Your company has just made its largest acquisition ever and your Chief Executive Officer (CEO) says that he wants you to have a compliance post-acquisition integration plan on his desk in one week. Where do you begin? Of course, you think about the 2012 FCPA Guidance but remember that it did not have the time lines established in the recent enforcement actions involving Johnson & Johnson (J&J), Pfizer and Data Systems & Solutions LLC.
While there are time frames listed in these Deferred Prosecution Agreements (DPAs) are a guide of timeframes; many compliance professionals struggle with is how to perform these post-acquisition compliance integrations. An article from the Harvard Business Review, entitled “Two Routes to Resilience”, Clark Gilbert, Matthew Eyring and Richard Foster wrote about business transformation which speak directly to the compliance practitioner to help create post-acquisition integration game plan.
The authors, reviewed the situation where an entity must transform itself, leading to a transformation the authors call “establishing a ‘capabilities exchange’- a new organizational process that allows the two efforts to share resources without interfering with each other’s operations.” That is what a compliance practitioner must accomplish through a post-acquisition integration in the compliance context.
Anyone who has gone through a large merger or acquisition knows how terrifying it can be for the individual employee. Many people, particularly at the acquired company will be fearful of losing their jobs. This fear, mis-placed or well-founded, can lead to many difficulties in the integration process. The creation of a Compliance Capabilities Exchange process which allows “the two organizations to live together and share strengths” and will coordinate “the two transformational efforts so that each gets what it needs and is protected from [unwanted] interference by the other.” There are five steps in this process.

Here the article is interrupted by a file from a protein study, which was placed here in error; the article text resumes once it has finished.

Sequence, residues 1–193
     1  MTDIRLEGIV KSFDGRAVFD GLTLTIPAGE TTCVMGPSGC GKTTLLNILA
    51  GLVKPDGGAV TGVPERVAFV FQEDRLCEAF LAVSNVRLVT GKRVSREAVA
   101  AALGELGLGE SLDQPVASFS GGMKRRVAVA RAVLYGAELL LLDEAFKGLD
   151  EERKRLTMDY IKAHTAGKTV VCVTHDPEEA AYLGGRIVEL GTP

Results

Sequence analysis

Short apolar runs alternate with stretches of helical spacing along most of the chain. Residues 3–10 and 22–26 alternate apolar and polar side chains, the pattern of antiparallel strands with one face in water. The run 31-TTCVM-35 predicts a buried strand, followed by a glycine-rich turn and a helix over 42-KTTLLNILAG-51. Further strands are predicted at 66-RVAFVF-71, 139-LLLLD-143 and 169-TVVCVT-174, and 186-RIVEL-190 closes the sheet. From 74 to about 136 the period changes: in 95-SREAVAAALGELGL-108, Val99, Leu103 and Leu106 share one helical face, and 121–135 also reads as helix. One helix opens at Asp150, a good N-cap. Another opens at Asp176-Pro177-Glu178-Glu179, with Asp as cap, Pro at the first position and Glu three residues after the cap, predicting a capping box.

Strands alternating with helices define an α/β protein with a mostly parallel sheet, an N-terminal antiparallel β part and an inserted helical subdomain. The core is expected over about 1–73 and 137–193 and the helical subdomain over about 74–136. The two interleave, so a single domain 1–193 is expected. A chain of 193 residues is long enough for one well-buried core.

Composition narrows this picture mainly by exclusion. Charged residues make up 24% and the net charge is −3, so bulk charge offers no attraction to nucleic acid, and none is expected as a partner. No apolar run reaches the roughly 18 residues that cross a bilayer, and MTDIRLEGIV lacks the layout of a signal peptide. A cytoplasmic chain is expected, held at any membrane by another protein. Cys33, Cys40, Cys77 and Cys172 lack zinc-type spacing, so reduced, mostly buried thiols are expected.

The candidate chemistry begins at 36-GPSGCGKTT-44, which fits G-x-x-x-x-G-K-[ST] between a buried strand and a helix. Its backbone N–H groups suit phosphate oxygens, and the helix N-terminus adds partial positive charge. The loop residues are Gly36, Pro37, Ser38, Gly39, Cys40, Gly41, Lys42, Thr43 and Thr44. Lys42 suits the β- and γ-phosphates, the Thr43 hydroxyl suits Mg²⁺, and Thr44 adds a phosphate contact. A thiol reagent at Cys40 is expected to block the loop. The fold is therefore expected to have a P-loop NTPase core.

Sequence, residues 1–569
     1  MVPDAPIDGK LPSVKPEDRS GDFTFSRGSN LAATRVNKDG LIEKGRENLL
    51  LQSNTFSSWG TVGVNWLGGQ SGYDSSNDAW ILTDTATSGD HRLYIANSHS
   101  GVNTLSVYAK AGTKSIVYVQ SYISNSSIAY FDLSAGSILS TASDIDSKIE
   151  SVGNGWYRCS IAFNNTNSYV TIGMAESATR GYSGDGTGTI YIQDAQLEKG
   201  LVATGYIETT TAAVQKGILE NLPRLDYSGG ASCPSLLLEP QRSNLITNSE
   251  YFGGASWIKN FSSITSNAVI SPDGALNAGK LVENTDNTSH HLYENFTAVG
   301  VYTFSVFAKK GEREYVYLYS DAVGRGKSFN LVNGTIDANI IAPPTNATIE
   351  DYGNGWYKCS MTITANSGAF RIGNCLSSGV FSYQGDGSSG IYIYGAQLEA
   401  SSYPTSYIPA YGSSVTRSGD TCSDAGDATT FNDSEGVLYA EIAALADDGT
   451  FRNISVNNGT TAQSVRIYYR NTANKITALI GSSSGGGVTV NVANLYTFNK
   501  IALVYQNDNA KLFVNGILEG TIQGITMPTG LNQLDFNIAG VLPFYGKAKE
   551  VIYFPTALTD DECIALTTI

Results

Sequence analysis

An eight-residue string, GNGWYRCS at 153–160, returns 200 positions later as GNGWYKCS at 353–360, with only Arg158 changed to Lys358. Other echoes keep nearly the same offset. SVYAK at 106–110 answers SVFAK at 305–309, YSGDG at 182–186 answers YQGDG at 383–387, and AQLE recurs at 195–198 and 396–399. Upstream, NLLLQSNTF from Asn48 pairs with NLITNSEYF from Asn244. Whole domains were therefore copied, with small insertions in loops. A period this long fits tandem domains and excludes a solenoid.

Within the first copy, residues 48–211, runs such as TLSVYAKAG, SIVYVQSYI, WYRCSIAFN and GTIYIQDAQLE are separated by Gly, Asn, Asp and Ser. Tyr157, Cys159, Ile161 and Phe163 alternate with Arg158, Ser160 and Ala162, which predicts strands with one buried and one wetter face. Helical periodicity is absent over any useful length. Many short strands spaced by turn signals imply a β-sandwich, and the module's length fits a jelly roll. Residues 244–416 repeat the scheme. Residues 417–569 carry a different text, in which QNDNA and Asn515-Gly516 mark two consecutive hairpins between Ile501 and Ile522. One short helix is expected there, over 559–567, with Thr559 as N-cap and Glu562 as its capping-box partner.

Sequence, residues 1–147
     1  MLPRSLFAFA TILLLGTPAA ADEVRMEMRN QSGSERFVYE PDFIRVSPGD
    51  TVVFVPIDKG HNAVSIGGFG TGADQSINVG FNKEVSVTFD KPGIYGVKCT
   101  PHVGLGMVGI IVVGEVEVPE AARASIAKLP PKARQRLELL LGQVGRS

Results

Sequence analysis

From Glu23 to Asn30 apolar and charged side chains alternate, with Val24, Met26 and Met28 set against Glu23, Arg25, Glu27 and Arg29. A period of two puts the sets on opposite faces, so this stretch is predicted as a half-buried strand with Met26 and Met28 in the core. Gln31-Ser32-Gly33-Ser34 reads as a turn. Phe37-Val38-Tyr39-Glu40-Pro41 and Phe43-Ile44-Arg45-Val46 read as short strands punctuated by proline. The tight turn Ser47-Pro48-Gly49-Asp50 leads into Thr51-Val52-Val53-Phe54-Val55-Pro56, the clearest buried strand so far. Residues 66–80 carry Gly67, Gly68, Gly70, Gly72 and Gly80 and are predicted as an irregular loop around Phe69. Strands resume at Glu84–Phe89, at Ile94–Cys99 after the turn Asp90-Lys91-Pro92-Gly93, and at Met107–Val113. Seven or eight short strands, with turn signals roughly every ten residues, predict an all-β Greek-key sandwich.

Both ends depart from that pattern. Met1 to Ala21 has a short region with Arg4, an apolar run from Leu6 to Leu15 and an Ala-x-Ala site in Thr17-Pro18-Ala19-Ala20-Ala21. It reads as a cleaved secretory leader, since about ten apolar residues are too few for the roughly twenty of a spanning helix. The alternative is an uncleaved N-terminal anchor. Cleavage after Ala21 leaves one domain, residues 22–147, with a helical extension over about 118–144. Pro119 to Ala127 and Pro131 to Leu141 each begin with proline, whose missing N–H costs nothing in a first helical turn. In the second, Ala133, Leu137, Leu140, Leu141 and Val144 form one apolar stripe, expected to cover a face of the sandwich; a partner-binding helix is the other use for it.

Whatever compendium of steps you utilize for post-acquisition integration, they should be taken as soon as practicable. The earlier you can deploy these steps the better off your company will be at the end of the day. In an Ernst & Young white paper, entitled “Increased Oversight of M&A: An Expanding Role for Audit Committees”, it stated “Failed M&A can destroy a company's market value, destabilize its financial position and credit ratings, impair its strategic position, weaken the organization and damage the company's reputation”. This is particularly true for failed M&A compliance. One need only consider the Latin Node FCPA enforcement actions where the acquiring company had to write off its entire investment.
Three Key Takeaways
This month’s podcast series is sponsored by Michael Volkov and The Volkov Law Group. The Volkov Law Group is a premier law firm specializing in corporate ethics and compliance, internal investigations and white collar defense. For more information and to discuss practical solutions to compliance and enforcement issues, email Michael Volkov at email@example.com or check out www.volkovlaw.com.